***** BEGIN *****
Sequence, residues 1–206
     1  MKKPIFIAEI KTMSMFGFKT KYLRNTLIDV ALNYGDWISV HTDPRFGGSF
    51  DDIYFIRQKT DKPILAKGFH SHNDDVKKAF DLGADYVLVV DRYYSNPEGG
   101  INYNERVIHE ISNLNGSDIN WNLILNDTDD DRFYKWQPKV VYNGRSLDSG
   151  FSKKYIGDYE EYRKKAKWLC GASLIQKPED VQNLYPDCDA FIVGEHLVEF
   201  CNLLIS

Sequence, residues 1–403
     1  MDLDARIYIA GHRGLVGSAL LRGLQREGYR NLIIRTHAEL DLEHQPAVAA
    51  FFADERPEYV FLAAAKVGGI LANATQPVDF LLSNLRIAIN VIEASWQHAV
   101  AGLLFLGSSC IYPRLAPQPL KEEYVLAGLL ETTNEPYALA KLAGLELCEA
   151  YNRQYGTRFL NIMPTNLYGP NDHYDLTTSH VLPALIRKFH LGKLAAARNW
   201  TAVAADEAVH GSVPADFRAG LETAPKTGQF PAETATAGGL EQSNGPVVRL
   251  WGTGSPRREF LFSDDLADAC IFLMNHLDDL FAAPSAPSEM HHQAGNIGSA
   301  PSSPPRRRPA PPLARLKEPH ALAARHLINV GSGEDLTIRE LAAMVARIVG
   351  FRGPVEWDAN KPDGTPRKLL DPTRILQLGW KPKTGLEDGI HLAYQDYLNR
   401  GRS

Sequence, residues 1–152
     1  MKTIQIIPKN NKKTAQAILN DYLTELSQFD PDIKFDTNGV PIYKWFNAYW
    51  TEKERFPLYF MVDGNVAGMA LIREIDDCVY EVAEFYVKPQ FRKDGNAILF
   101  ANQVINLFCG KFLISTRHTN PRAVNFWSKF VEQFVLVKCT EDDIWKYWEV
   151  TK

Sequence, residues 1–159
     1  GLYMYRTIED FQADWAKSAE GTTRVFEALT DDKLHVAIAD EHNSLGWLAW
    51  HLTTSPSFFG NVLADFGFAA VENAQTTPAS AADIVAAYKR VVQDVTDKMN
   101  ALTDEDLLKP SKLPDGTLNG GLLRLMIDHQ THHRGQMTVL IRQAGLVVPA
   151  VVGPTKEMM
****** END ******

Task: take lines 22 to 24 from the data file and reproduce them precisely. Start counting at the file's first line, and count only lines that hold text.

Sequence, residues 1–159
     1  GLYMYRTIED FQADWAKSAE GTTRVFEALT DDKLHVAIAD EHNSLGWLAW
    51  HLTTSPSFFG NVLADFGFAA VENAQTTPAS AADIVAAYKR VVQDVTDKMN